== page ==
The Game May Be Rigged Against Plaintiffs In Federal Court

The Game May Be Rigged Against Plaintiffs In Federal Court

Members of the public don’t generally spend much time worrying about the difference between our nation’s state and federal courts. Many are only dimly aware that we have those separate court systems in the first place.

The same cannot be said for lawyers. Attorneys spend a lot of time worrying about whether their cases will end up in state or federal court, and what that might mean for case outcomes. They do this because there are some critical differences between state and federal courts. While some of those differences are just matters of procedure or custom, federal ways of doing things almost always favor corporate and institutional defendants. That’s true even when the same general body of law applies to a case at either courthouse.

As lawyers who practice in Florida’s federal courts, we’ve seen these differences up close. State court judges allow lawyers to participate in picking a jury. Federal judges generally do not. State court judges allow you to argue motions in person at the courthouse. Federal judges usually don’t hear arguments from attorneys in person; they just read the motion papers and rule.

Federal courts also have more discretion to throw out doubtful cases. In state court, judges generally let juries decide cases unless they’re clearly defective. In federal court, judges have more latitude to get rid of cases. In fact, it seems like the federal rules allow trial judges to find a way to dispose of any cases they don’t like. This may be the most critical difference between the two court systems.

You might wonder how corporate defendants, who are typically the defendants in personal injury or wrongful death claims, can force cases into federal court in the first place. Obviously, the lawyers bringing injury or death claims typically don’t file lawsuits there. But legal cases don’t always end in the same place where they start. Defendants have a procedural mechanism called “removal” which lets them ship some cases from state court to federal court, even over plaintiffs’ protests.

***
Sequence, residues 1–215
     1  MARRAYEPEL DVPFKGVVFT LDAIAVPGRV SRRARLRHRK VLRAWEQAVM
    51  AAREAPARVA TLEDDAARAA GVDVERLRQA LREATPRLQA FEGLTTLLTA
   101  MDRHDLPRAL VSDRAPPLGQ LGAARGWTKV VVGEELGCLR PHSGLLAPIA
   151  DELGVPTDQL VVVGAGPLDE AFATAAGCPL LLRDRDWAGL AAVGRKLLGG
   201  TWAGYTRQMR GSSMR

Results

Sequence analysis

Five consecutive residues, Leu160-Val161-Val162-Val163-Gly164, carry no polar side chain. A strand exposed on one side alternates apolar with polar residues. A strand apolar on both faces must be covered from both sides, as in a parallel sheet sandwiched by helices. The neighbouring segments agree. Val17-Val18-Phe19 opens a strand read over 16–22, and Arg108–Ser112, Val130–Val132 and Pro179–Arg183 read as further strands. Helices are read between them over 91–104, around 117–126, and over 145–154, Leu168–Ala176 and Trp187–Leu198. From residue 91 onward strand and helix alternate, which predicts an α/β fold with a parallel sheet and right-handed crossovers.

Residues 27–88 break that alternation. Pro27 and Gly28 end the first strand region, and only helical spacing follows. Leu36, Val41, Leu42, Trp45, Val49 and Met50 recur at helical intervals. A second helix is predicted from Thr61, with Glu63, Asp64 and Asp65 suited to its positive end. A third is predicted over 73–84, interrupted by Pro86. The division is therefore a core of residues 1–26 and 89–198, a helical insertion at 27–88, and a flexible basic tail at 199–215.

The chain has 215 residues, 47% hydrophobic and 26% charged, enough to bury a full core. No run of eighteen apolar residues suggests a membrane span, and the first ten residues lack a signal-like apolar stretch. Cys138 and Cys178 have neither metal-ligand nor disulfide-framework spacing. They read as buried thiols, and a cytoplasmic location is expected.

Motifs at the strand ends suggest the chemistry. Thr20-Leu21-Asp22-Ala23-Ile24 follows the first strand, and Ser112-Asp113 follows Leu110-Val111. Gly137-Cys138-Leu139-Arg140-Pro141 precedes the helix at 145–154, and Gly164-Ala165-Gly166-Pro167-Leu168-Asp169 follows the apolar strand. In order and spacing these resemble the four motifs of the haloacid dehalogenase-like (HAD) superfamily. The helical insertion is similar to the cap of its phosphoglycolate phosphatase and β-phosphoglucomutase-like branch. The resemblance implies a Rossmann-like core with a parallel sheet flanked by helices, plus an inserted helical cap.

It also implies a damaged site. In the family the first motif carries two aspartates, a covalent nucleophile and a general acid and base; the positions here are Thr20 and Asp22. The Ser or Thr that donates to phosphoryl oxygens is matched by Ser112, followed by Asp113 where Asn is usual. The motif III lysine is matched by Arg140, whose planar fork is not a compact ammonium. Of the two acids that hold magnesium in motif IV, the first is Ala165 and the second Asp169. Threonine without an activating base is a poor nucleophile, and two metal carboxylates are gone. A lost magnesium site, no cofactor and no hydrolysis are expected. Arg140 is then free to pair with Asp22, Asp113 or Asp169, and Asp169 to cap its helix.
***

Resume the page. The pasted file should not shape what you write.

Specifically, removal allows an out-of-state defendant to move all but low-dollar cases from state court to federal court. More than 200 years ago, the framers of our federal Constitution granted this right because of concerns about states being provincial. They were justifiably concerned about state courts discriminating against parties from other states.

In today’s world, this concern about 50 little kingdoms is quaint and obsolete. State and even national boundaries matter much less today than they did in the late 1700s. Nevertheless, the right to removal remains on the books, and defendants who think they’ll have a procedural advantage in federal court use it whenever they can.

Recent information suggests that advantage may be even greater today than we ever thought. Legal scholars just reviewed data on win/loss rates in federal courts, and the results are alarming. The numbers they crunched show that between 1985 to 1995, win rates for plaintiffs in federal court fell from about 70 percent to 30 percent. In other words, the success rate for plaintiffs fell to less than half of what it had been when that 10-year period started.

It wasn’t possible for the authors to figure out exactly why this dramatic change occurred. However, one of the possible explanations is that federal judges are just becoming more hostile to the little guy. “The thread that runs through,” one of the authors said, “is a general hostility toward plaintiff’s claims. There could be a lot of drivers, but all of these things seem to be part of a theme.”

It looks like the pendulum has swung too far. A removal mechanism set up the Founding Fathers to prevent unfairness to defendants seems to have turned into a tool to stack the deck against plaintiffs.

In the long run, federal court hostility to plaintiffs must be fixed. Meanwhile, plaintiffs should make sure their lawyers know how to avoid federal court - but also how to fight there when they must.

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